In many instances employers will litigate against the assumption
of a power imbalance, an employee viewed as the party in need of
protection. This is seen in the way employment contracts are
interpreted in wrongful dismissal claims, and how actions and
decisions of employers are scrutinized. One certainty for employers
is when found to do nothing wrong, when your case has been proven,
you are not liable for damages. Recently an Ontario Superior Court
decision found otherwise.
In a case that left both parties scratching their heads, Justice
Ray ordered common law damages against Enablence Canada Inc.
despite no finding of liability.
The case, Muntean v Enablence Canada Inc., was
a claim for wrongful dismissal damages by Mr. Muntean, an engineer
laid-off after 6.5 years of employment. The employment relationship
was based on a 3-year written contract that provided for 6-months
of notice if terminated by the employer, required 3 months'
notice if ended by resignation, and did not contemplate
In November of 2014 the employer instituted a lay-off affecting
Mr. Muntean due to financial difficulties. The lay-off notice
indicated that his employment benefits would continue and the hope
for recall within 35 weeks. In less than 4 weeks the employer
requested that Mr. Muntean return to work, but the employee claimed
the layoff amounted to a constructive dismissal. If the lay-off
amounted to a constructive dismissal then the employee would be
entitled to damages, either through the termination provisions of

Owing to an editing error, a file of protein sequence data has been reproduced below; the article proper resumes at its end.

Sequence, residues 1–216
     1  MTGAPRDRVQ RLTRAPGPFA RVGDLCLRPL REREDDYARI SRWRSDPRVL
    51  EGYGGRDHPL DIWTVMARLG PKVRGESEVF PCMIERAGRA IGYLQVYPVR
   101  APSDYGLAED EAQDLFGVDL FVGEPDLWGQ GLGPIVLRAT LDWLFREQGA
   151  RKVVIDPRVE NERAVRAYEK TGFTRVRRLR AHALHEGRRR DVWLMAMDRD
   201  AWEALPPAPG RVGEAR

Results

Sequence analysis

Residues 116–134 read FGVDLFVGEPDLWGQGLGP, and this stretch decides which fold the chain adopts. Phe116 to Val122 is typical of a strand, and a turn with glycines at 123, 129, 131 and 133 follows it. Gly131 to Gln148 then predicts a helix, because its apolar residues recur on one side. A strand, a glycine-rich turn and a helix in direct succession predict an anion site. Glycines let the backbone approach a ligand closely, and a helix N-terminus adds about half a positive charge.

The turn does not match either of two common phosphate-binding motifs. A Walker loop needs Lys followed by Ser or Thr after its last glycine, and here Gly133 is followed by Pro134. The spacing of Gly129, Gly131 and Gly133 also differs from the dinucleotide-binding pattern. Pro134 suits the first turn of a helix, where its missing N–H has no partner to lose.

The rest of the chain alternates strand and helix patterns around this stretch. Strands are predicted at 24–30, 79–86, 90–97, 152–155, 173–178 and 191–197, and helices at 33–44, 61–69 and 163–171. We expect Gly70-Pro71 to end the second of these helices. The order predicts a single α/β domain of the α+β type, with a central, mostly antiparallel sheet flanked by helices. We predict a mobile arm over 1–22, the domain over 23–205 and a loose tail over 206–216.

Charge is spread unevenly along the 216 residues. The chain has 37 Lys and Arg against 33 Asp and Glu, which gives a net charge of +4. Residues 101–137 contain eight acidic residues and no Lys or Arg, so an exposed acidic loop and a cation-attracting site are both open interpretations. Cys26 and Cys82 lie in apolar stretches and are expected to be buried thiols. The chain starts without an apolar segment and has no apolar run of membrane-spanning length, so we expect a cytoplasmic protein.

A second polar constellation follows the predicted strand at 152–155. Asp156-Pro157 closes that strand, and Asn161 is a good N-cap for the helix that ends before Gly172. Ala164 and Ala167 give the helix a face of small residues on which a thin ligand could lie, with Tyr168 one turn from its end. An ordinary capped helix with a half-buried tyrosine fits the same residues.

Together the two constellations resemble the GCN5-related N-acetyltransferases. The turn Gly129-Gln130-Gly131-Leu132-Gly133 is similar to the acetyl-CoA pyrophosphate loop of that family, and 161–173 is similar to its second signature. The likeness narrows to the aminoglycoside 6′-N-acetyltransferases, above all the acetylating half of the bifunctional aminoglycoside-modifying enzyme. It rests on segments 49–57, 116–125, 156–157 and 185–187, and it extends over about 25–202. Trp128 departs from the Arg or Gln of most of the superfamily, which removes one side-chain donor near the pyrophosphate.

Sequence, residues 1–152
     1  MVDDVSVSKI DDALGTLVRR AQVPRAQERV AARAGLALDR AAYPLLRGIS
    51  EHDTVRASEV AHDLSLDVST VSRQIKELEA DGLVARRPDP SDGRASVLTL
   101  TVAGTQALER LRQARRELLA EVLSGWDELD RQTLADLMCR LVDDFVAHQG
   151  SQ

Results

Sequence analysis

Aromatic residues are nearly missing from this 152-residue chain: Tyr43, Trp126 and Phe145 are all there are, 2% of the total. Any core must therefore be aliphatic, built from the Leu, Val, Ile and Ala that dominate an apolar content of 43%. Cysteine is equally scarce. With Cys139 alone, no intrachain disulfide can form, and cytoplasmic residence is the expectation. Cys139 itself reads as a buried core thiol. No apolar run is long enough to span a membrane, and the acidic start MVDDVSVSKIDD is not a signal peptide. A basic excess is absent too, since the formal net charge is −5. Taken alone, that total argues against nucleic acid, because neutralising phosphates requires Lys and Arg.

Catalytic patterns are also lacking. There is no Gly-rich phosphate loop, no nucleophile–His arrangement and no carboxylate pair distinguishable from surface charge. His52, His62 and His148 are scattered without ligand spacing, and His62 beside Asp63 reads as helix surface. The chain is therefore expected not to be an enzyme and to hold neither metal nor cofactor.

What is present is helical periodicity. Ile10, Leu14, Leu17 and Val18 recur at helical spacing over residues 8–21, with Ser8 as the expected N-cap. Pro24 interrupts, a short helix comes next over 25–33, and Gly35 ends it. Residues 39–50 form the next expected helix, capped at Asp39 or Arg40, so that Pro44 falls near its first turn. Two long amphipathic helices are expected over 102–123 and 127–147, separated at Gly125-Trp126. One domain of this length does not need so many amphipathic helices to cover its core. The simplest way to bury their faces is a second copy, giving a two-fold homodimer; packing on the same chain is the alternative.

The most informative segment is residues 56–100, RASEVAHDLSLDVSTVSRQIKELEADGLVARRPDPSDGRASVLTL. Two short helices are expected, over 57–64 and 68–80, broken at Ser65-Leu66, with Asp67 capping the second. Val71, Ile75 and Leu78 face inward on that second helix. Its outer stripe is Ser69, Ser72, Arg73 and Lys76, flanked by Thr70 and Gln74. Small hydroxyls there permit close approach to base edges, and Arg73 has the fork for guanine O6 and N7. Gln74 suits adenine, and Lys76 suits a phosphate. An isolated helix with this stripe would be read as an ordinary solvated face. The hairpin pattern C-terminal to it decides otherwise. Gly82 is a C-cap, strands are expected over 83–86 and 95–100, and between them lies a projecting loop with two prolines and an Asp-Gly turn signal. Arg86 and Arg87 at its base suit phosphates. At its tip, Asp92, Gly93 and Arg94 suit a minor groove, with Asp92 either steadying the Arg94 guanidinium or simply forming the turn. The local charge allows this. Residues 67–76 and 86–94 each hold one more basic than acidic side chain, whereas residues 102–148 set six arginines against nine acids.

the contract or at common law.
Despite Ontario case law that temporary lay-offs are not an
automatic right of employers, a lay-off may be appropriate with
evidence of past practice, contemplation within an employment
contract, or if the employee acquiesces to the lay-off. In this
case the layoff notice clearly contemplated recall and allowed for
continuing benefits. Mr. Muntean also acquiesced to the layoff by
not immediately treating the layoff as a constructive dismissal
and, more importantly, his use of the continued employment
benefits. In fact, Mr. Muntean continued to claim benefits until
May 2015 despite commencing work with a new employer in February of
the same year.
Justice Ray concluded that Mr. Muntean acquiesced to the layoff
and "at no time did the lay-off become a constructive
dismissal." It was found that neither party could rely on the
contract for damages related to the required notice provisions.
Despite this finding, Justice Ray determined "the plaintiff is
entitled to damages for wrongful dismissal on a common law
basis" and ordered damages from the date of the notice of
layoff until Mr. Muntean commenced his new employment.
The ordering of damages for wrongful dismissal without finding
anything "wrongful" about the dismissal is bizarre and
confusing. On a positive note, this case is unlikely to stand on
appeal. This case doesn't provide any lessons for employers but
does highlight the inherent riskiness of litigation.
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guide to the subject matter. Specialist advice should be sought
about your specific circumstances.
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Unfortunately, reasonable accommodation for employees in the workplace continues to be the source of significant litigation and even today we continue to see outrageous examples of employers behaving badly.
We are now beginning to see reported cases involving charges and subsequent fines laid against employers for failing to provide information, instruction and supervision to protect a worker from workplace violence.
On October 13, 2016, the Supreme Court of Canada denied leave to appeal an Ontario Court of Appeal decision which ordered an employer to pay a former employee 37 months of salary and benefits following termination.
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